You sink back into the grovyle's hunting trance, letting the trappings of your human mind fall away until the wood takes on new texture under your fingers and the rich, sappy smell of the leaves around you blossoms into your awareness. You can see every twitch in the clearing's grass, and you sit and watch them, idly marking the passage of cloud-shadows over the ground, and think no more of anything but what is there before you. You can't remember what you're waiting for, but have vague faith that you'll know it when you see it.
And indeed, you stiffen when faint squeaks and wingbeats reach your ears. Your eyes narrow in confusion as you try to recall what they mean. By the time the golbat comes into view, you know what to expect.
"All right, all right, he's coming!" the golbat grumbles to her trainer, dancing around him in tight circles. "Done with me now? Because if you send me off on another stupid errand, I'm probably going to end up hitting a tree or something."
"Recall that thing!" hisses the leader. "Everyone on your guard!"
Barely a minute later you hear two people smashing through the undergrowth on the far side of the clearing. They're taking even less care than humans usually do, and though they must be in full flight, they aren't moving all that fast. You sit up straighter and crane your neck, straining for a first glimpse of who you'll be for the next few weeks.
The first into the clearing is a mightyena, thick coat matted with blood, favoring a forepaw as she bounds into the open. She stops immediately on sight of the humans, snarling with teeth bared and mane bristling. Her trainer stumbles out of the trees a second later, chest heaving as he gasps for breath, and you feel a twinge of disappointment as you look him over. You hadn't been expecting much, but you'd hoped anyone important enough to get a hit put out on them would be at least halfway competent. All you see here is a young man in muddied, shredded clothing, face bloodied from a deep cut running across the bridge of his nose. He leans heavily against the mightyena, gaze roving the people assembled before him.
"Wha—" he starts, then thinks better of it, takes a deep breath, and tries to draw himself up straighter. The other humans step forward, all eagerness now. "Just what the fuck do you think you're doing, Jenna? This your idea of a joke, setting a whole fucking truckload of mankey on me while I'm fucking working?"
"Aww, what's this, now? The great Nathaniel Morgan running scared from a few angry monkeys?" Jenna says. You can only see the back of her head from here, but the smirk rings clear in her voice. The mightyena's growling redoubles, saliva frothing from her jaws to the grass below.
"Fuck you and your asshole friends, Jenna. Now get the hell out of my way unless you want to end up the same as the fucking mankey."
He makes as if to start forward again, the mightyena stalking ahead, but they both stop when Jenna unclips a pokéball from her belt and tosses it to herself. "So terribly sorry to detain you, your lordship," she says, with a bobbing parody of a curtsy, "but we're here on orders from someone even higher and mightier than yourself, if you can imagine that. See," and the mocking tone drains from her voice, leaving it all steel and malice, "Aiden isn't very pleased with the quality of your 'work.' In fact, he's thinking it has something to do with how the police have been doing a mighty good job of busting our suppliers lately and how half the jobs you work on go all pear-shaped. Because if there's one thing Aiden can't stand—that any of us can't stand, Nate—it's traitors."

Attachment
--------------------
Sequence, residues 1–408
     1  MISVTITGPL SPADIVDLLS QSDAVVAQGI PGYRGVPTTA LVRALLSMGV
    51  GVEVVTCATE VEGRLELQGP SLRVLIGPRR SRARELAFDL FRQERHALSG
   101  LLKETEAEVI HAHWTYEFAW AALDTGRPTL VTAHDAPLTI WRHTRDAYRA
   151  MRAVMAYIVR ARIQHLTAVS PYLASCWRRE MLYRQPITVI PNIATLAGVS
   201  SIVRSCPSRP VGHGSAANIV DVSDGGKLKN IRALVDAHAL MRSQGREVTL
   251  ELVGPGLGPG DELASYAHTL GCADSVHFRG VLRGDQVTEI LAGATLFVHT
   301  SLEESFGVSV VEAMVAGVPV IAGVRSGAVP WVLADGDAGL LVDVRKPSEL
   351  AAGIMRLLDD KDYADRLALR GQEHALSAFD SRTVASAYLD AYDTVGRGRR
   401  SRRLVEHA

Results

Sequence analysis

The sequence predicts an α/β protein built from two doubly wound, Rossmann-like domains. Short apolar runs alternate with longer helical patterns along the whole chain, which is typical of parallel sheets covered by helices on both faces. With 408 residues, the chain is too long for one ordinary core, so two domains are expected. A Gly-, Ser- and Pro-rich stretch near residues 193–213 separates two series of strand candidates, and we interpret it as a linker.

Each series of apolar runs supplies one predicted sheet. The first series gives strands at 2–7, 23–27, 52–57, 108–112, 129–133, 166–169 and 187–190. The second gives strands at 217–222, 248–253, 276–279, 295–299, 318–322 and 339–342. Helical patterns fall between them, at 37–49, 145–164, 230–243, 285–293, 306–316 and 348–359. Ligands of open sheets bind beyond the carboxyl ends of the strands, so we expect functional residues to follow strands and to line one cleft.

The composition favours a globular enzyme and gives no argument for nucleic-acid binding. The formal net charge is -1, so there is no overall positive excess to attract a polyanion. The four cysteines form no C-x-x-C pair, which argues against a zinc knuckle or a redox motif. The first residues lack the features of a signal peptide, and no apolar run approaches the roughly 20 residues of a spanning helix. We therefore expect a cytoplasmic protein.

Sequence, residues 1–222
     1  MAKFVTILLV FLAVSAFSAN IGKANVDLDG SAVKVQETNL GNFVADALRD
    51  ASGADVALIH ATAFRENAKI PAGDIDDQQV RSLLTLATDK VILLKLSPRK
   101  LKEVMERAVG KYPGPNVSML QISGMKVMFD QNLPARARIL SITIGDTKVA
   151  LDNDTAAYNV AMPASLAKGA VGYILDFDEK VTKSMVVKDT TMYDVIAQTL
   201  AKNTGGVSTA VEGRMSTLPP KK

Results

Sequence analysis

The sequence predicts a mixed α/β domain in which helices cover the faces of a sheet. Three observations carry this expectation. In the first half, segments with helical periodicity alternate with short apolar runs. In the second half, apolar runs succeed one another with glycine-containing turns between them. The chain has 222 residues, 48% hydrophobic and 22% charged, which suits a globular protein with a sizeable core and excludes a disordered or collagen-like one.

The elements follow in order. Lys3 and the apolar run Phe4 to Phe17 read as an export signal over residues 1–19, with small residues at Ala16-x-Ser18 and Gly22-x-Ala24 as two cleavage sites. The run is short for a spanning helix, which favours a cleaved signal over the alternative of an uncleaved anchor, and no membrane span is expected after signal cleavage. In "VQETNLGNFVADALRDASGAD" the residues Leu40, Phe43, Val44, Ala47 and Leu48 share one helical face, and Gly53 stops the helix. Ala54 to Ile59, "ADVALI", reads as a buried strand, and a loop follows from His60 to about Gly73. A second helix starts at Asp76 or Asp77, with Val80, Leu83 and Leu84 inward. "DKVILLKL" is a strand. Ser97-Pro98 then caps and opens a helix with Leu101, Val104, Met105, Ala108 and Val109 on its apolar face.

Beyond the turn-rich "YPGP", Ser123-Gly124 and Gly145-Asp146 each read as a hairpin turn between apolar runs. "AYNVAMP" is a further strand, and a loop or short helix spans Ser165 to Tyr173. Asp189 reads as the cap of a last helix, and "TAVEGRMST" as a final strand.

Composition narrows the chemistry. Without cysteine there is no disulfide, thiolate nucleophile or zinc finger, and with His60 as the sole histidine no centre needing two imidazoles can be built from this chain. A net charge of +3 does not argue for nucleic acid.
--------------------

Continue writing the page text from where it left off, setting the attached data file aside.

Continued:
"I ain't no fucking traitor!" the great Nathaniel Morgan roars over mutters of agreement from the lurking teenagers. "That's bullshit! And I'll shove it up Aiden's ass myself the second I get back to base. Unlike certain people I know, I don't need to send six pissant grunts to take care of my own goddamn business. Now get the hell out of my way, Jenna! Last fucking warning!"
"The reason Aiden sent so many of us after you, Nate, is because he overestimated you," Jenna says in a mock-soothing tone while the rest of her group starts to fan out, moving to surround the great Nathaniel Morgan. You can see his eyes darting around as he looks for an opening. "I mean, nearly losing to a bunch of wild mankey? Talk about disappoin—"
A yell of "Mightyena!" cuts her off. The dark-type surges towards Jenna while her trainer takes off sideways, trying to outrun the closing cordon of Rockets.
Jenna's only startled for a moment, and the mightyena, injured as she is, can't reach her before she casts her pokéball to the ground. "Let's go, Ursaring!"
You shrink closer to the tree trunk as the hulking normal-type appears, catching Mightyena across the face with a slash attack even as she leaps for him, sparks of energy still dancing in his half-solid fur. The attack sends Mightyena sprawling, and she does not rise.
Meanwhile, one of the other humans calls out a sandshrew to intercept her trainer. The ground-type has no trouble catching the limping human and brings him down with a blow to the back of his knees. The sandshrew's trainer starts to give another command, but Jenna steps in. "Hold. Ursaring, make sure he doesn't run off again."